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Frequently asked questions about colon cancer screening

​​​​​​​​​​​Why do I need a screening test like colonoscopy?​

Colon cancer screening is an important tool to protect you from a disease that strikes one in eighteen Americans.

Are there other options?

A colonoscopy is the best way to spot potential problems. Virtual colonoscopy, performed by a radiologist, is also a potential way to spot polyps or growths in the colon, but does not provide a way to remove any that are found.

A home test is also an option, but colonoscopy is much more thorough.

What is a colonoscope?

This is a tubular scope that is inserted into the colon (large intestine) to examine the inside of the colon.

The scope is flexible enough to pass around the turns in the colon. It has a light so the doctor can see the inside of your colon.

Why is colonoscopy performed?

Colonoscopy is the best way to find colon cancer.

It is also used to treat polyps, evaluate symptoms and examine any abnormality seen on the barium x-ray.

What happens if a polyp is found?

During the course of the colonoscopy, a polyp may be found. Polyps are abnormal growths of tissue, which vary in size from 1/8 inch to 2 inches.  

If your doctor believes that removal of the polyp is needed, a wire loop or snare will be passed through the colonoscope. 

This will sever the polyp from the intestinal wall via an electrical current, a procedure known as polypectomy.

Polyps may be destroyed without removal and biopsies can be taken. Operating through the colonoscope often means that a major abdominal operation is not needed.

​Will I feel pain?

You should not feel much pain during treatment of the polyp.

Why are polyps removed?

They are usually removed because they can cause rectal bleeding or contain cancer. Although most polyps are benign (noncancerous), a small percentage contain an area of cancer in them or may develop into cancer.

Removal of colon polyps, therefore, is an important means of prevention and cure of colon cancer. Colon cancer is a leading form of cancer in the United States.

Are there any complications from colonoscopy and polypectomy?

Colonoscopy and polypectomy are safe and are associated with very low risk when performed by doctors who have been specially trained and are experienced in these procedures.

One possible complication is perforation, in which a tear through the wall of the bowel may allow leakage of intestinal fluids.  

This complication usually requires surgery but may be managed by hospitalization, with antibiotics and intravenous fluids in selected cases. 

Bleeding may occur from the site of polyp removal. It is usually minor and stops on its own or can be controlled by cauterization (application of electrical current) through the colonoscope.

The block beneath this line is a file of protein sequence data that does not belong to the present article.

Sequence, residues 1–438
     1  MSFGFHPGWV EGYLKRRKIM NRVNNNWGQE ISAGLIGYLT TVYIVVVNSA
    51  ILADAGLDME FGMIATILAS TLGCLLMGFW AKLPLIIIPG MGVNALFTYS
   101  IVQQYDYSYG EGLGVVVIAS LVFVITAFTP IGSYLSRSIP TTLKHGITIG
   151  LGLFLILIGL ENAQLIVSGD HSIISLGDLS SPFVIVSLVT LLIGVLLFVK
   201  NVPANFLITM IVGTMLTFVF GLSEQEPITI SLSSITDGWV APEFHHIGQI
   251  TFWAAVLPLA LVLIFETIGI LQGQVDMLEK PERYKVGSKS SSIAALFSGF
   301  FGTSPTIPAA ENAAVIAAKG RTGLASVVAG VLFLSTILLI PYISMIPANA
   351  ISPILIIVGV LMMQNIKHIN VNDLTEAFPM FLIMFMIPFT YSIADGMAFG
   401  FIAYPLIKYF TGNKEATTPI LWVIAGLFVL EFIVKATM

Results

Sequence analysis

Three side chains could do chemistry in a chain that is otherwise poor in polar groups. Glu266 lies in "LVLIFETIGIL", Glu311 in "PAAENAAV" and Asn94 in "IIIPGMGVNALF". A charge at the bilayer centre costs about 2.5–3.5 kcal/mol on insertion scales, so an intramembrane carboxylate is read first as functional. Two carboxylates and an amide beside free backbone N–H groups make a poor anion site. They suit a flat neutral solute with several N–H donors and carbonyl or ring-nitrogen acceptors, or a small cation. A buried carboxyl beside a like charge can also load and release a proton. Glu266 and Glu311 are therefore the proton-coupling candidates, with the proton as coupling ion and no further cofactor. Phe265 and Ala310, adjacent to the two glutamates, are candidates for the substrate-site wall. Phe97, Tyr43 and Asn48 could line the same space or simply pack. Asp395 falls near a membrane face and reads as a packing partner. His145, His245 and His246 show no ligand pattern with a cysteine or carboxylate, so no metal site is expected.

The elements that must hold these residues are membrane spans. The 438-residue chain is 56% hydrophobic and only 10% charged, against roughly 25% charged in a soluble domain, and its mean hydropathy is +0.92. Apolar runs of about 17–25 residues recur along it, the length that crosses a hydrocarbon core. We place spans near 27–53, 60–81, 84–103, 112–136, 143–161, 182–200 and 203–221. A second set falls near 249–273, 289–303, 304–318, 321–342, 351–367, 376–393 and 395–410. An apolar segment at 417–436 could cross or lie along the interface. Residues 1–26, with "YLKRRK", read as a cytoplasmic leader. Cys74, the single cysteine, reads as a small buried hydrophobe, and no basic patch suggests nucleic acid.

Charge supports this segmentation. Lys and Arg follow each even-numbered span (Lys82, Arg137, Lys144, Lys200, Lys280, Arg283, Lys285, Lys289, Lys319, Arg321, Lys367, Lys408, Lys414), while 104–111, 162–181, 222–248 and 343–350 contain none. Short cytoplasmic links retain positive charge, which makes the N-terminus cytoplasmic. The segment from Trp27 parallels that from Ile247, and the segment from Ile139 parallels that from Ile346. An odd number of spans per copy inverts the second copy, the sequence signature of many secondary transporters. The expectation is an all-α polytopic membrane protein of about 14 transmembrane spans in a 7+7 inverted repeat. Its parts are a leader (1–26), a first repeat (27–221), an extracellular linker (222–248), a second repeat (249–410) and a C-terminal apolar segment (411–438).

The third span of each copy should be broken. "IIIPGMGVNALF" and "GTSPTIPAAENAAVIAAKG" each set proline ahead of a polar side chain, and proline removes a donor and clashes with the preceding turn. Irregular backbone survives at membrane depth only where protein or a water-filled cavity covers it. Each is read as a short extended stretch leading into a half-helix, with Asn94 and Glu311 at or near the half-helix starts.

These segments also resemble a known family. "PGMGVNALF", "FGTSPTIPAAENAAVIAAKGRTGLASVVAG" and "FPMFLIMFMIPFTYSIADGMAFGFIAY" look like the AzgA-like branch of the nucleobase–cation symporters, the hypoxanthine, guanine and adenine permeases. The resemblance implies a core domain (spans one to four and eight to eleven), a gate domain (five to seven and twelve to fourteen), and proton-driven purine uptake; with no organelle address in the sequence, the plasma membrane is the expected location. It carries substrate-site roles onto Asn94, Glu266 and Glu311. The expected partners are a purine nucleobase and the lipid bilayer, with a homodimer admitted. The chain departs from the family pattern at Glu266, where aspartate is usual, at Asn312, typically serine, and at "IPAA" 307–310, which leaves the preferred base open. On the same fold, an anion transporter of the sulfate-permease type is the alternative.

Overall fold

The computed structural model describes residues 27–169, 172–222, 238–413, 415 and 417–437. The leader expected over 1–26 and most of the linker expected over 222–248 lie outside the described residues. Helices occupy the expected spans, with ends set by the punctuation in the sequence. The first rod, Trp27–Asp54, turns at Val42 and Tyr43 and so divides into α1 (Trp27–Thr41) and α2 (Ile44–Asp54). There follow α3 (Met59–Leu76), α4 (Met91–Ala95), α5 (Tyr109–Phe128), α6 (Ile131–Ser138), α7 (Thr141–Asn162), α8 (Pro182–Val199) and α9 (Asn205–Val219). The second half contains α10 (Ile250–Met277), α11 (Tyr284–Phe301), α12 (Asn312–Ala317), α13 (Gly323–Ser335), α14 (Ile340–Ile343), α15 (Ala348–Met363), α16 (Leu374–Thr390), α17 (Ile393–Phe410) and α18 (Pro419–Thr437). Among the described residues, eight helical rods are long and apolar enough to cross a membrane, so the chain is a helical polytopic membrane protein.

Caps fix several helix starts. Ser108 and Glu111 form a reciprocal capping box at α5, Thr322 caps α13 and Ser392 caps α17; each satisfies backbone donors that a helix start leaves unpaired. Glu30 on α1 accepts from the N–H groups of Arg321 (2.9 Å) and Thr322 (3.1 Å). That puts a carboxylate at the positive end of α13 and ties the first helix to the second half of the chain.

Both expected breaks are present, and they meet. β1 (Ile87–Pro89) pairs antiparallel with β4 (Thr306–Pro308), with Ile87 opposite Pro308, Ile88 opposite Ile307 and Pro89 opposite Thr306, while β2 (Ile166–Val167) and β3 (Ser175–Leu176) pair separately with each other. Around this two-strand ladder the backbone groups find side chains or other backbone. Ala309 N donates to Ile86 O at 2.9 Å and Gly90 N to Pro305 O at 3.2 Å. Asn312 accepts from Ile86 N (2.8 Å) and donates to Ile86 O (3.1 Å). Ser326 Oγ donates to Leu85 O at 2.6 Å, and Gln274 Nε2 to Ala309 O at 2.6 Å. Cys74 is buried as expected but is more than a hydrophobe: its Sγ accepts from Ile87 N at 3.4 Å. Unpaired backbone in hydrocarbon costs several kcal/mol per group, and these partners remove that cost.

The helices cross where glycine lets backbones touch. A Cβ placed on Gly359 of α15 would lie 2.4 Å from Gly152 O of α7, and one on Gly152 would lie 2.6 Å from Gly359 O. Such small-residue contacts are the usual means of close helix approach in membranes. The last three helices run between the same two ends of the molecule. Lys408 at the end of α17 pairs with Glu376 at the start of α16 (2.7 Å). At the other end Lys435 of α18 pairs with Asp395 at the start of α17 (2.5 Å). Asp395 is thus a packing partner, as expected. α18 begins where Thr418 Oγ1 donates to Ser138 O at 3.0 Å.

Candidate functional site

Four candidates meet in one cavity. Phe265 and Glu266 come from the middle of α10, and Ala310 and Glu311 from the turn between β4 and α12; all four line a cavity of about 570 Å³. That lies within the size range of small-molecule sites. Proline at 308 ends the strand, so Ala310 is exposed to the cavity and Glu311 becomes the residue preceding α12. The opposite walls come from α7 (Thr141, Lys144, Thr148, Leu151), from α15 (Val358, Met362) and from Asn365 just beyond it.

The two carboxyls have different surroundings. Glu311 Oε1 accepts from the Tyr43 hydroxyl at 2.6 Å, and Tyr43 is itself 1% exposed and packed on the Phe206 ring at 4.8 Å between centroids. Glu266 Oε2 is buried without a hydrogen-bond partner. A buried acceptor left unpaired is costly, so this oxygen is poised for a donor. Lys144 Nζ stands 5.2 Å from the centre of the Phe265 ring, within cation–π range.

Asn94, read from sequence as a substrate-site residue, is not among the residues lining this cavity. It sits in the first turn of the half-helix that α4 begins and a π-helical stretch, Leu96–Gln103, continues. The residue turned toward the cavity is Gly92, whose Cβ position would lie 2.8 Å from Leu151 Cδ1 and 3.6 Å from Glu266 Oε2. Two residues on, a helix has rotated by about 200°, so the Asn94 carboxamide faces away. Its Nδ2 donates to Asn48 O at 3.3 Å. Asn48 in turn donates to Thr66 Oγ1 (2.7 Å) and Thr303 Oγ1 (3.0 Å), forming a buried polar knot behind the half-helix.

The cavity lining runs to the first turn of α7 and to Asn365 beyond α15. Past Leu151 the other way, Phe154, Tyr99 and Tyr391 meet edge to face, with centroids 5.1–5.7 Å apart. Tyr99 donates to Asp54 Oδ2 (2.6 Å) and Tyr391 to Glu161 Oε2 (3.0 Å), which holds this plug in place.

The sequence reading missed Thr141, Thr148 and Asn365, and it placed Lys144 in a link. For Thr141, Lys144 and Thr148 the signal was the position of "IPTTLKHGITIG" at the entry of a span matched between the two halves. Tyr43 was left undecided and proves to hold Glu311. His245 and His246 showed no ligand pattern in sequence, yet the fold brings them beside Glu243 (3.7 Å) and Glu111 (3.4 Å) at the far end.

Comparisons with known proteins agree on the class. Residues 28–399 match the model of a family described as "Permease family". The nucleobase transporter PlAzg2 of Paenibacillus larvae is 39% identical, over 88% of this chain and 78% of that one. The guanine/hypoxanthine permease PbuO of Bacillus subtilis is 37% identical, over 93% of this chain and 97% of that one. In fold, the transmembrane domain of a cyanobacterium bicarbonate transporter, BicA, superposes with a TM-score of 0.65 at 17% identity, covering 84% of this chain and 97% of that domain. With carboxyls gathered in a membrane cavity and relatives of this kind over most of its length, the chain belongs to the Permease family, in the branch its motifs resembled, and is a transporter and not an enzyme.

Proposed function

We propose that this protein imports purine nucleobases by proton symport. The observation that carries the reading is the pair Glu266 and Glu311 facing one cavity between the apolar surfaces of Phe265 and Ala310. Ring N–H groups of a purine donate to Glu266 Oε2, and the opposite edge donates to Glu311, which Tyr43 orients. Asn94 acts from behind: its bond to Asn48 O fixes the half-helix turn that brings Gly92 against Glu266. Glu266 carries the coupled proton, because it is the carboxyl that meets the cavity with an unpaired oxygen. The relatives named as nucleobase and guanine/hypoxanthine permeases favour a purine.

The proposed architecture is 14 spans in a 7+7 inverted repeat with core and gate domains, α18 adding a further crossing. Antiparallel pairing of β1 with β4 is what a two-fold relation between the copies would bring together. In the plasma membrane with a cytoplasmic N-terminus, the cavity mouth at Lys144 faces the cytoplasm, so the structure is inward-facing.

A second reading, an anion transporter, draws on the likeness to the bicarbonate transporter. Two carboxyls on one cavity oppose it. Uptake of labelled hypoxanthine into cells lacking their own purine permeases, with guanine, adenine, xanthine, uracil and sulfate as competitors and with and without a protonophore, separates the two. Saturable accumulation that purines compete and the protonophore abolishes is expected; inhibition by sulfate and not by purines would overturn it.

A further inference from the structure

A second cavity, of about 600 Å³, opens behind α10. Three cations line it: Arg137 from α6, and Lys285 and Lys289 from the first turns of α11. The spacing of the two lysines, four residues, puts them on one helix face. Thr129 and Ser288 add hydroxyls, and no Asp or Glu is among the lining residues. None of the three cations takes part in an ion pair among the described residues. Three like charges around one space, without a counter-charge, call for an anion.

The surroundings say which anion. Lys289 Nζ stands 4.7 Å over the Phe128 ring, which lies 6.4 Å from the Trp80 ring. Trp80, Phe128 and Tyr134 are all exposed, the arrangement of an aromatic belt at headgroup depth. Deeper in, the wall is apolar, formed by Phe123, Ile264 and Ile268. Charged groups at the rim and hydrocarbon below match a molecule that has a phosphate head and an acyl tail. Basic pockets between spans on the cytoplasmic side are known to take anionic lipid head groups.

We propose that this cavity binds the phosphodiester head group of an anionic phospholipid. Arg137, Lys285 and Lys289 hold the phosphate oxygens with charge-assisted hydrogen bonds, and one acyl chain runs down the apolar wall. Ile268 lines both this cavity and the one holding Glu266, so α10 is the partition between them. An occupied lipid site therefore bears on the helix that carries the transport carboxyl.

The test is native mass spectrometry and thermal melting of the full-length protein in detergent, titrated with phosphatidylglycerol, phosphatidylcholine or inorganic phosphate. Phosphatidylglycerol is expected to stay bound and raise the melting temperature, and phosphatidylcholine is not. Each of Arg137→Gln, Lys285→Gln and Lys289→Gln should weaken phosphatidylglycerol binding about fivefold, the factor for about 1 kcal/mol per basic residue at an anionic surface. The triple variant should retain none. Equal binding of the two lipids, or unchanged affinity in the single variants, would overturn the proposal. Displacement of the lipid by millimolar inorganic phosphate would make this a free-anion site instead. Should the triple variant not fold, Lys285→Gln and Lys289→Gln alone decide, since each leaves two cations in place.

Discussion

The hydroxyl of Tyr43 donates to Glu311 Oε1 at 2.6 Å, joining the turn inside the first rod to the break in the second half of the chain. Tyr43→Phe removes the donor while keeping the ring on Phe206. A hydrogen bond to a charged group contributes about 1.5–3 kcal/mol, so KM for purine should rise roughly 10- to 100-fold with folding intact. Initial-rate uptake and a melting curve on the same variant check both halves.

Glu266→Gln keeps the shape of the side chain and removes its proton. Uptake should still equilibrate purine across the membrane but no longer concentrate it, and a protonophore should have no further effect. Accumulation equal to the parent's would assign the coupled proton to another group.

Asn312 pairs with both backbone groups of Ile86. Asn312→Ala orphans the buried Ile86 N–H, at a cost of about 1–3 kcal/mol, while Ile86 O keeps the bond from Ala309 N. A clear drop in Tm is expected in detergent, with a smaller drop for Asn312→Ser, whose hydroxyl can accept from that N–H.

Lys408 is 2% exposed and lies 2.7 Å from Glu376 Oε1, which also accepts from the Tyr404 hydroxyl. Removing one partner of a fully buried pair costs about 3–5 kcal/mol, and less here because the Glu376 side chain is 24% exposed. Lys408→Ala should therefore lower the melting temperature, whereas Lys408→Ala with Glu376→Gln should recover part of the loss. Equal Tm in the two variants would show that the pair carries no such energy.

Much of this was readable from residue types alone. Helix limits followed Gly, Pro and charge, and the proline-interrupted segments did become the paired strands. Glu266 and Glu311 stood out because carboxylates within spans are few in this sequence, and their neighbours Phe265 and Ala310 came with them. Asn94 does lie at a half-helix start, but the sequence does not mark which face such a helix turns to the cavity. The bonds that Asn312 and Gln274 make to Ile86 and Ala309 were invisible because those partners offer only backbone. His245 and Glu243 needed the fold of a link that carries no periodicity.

Rarely, transfusions or surgery may be required.

Other risks include drug reactions, and complications from unrelated diseases such as heart attack or stroke.

Death is extremely rare, but remains a remote possibility.

How do I prepare for a colonoscopy?

It is very important that you follow the instructions for preparing for your colonoscopy. Inadequate preparation or arrangements may require postponing the procedure. 

Starting the night before your procedure, you will need to take a laxative preparation to clean out your colon.

It is imperative that you follow the instructions given to you. A poorly cleaned colon can result in polyps or small tumors being missed.

How long will I be at the Clinic for my colonoscopy?

The length of time you will be at the Clinic varies for each patient. It depends on preparation needed, the procedure and recovery time.

Your appointment letter should tell you the time of your procedure appointment. The average procedure and recovery time is about 2 hours.

What should I expect before, during and after the procedure?

You may be given enemas to complete the cleaning of your colon. You may also be asked to remove dentures or glasses.  

If you wear contact lenses, make arrangements for their safe-keeping.  Do not wear makeup or jewelry on the day of your procedure.

The GI technician or the doctor will answer any questions you may have. You will be given medication to make you drowsy and comfortable during the examination.  Most people do not remember much, if anything, about the procedure.

You will remain in the recovery area for about an hour after the examination. Your doctor will discuss the results of your examination before you leave the recovery room. 

You may want a family member present when the doctor discusses these results.

After your procedure, you will be given specific instructions to follow.

Note:

A colonoscopy may be done as a diagnostic or screening test. A diagnostic test is performed to help determine what may be causing a medical problem. 

A screening test is designed to detect a medical condition before you have symptoms, especially if you are at higher risk for colon disease.

Check with your insurance carrier if you have any questions regarding your coverage. Insurance carriers and Medicare may have restrictions on their coverage for colonoscopy, depending on whether it is a diagnostic or screening test.​

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Man and woman walking a dog on a gravel path Why you should get a colon cancer screening

Fifty percent. That’s the percentage of people who don’t get screened for colorectal cancer. If you’re one of the 50 percent and are 50 or older, get it done.

Here's why…


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